A few days later I did the Quorns up right as part of a sandwich with coleslaw (BBQ sauce woulda been swell too, someone should buy me some of that).
This time I cooked them on the stovetop and they were much moister and softer. Husband said the texture reminded him of fish sticks, kinda flaky. The smoky flavor is pretty strong, so don’t expect these to meld or fade into your meal like a slab of tofu or whatevs.
Bottom line: This Boca Burger hater has found a new sandwich filler of choice. Yay fungus! But I’d be even happier if the company offered a few flavors to mix it up. May Quorn come to a store near you!
Stuff your face with Nicole’s Fancy Vegan Caramels! »
Imagine this: You’re a stay-at-home mom and a fiction writer, and suddenly you need $30,000 to repair water damage at your house. You could sell your child into slavery, obviously, but Nicole Kornher-Stace of New Paltz, N.Y. came up with a way tastier and more legal option: sell vegan caramels on the interwebs.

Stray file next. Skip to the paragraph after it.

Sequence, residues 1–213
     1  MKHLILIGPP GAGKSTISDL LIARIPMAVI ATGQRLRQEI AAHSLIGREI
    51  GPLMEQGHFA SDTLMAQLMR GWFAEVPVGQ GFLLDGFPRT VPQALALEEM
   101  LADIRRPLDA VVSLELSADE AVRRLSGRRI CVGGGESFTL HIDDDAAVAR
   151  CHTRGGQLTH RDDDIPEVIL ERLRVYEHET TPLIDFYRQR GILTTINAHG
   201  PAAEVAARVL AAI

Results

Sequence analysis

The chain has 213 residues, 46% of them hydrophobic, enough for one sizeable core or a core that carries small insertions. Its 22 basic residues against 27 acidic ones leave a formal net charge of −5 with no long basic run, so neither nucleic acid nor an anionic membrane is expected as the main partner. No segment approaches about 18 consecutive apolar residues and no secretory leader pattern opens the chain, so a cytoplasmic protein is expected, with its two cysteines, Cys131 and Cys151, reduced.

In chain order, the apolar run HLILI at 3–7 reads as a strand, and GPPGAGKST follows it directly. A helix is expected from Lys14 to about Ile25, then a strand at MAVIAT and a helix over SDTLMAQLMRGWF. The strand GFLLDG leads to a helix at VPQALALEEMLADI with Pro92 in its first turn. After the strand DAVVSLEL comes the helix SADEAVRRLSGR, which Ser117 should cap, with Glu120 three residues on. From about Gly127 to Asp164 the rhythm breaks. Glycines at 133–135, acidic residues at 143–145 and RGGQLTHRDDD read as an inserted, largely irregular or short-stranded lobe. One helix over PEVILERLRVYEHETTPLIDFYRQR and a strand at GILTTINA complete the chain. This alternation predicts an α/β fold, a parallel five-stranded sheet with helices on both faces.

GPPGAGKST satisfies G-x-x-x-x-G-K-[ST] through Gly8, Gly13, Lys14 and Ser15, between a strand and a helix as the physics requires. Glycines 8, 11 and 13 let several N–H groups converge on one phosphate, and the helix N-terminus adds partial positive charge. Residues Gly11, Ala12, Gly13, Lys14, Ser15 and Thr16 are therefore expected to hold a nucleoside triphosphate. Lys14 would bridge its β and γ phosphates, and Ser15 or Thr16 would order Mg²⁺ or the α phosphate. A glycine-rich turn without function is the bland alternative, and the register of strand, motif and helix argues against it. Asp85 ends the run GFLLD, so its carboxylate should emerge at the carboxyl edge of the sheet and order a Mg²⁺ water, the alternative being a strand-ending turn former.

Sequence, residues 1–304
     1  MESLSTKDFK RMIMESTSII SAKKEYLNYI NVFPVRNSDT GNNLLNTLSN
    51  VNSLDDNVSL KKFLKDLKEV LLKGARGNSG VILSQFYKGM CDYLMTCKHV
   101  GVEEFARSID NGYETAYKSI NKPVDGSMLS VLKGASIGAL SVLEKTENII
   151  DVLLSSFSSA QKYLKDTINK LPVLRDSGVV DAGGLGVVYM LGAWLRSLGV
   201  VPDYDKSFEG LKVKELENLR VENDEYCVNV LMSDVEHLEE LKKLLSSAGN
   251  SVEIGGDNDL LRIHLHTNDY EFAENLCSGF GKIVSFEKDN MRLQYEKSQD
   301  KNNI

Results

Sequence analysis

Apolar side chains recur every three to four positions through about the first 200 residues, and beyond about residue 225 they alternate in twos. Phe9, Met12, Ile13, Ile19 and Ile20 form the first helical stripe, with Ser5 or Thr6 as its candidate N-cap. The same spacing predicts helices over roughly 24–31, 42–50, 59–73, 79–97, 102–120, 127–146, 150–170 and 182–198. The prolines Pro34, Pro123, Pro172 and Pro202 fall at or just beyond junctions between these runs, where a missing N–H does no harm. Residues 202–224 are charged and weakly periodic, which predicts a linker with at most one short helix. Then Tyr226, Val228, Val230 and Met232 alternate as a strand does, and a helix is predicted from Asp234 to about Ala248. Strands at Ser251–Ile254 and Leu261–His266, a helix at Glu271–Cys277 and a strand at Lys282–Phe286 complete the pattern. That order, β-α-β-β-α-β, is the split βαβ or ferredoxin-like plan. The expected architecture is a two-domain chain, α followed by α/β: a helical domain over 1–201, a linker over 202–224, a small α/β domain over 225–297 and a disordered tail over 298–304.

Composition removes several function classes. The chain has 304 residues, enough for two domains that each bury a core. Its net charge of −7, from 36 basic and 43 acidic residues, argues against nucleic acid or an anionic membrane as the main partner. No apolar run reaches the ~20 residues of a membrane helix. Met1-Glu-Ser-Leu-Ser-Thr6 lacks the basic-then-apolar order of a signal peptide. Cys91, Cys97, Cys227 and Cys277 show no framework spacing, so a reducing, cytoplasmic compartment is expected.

Her Etsy store is called Feed Your Face, and did I ever! The budding entrepreneur contacted Vegansaurus to see if we wanted to try her desserts and then tell you about them. Duh, next question. What I didn’t expect was that she’d send along two delicious little nuggets of each of 11 different flavors. Holy fatness, my day was made! And my dentist’s, too!
Nicole started making her caramels for fun, and because her three-year-old will only eat vegan sweets (rock on, kid). All her candies are vegan and gluten-free, and don’t have no corn-syrup neither (she uses coconut milk for the fat). She wraps them in parchment paper, which you can compost, so that’s cool.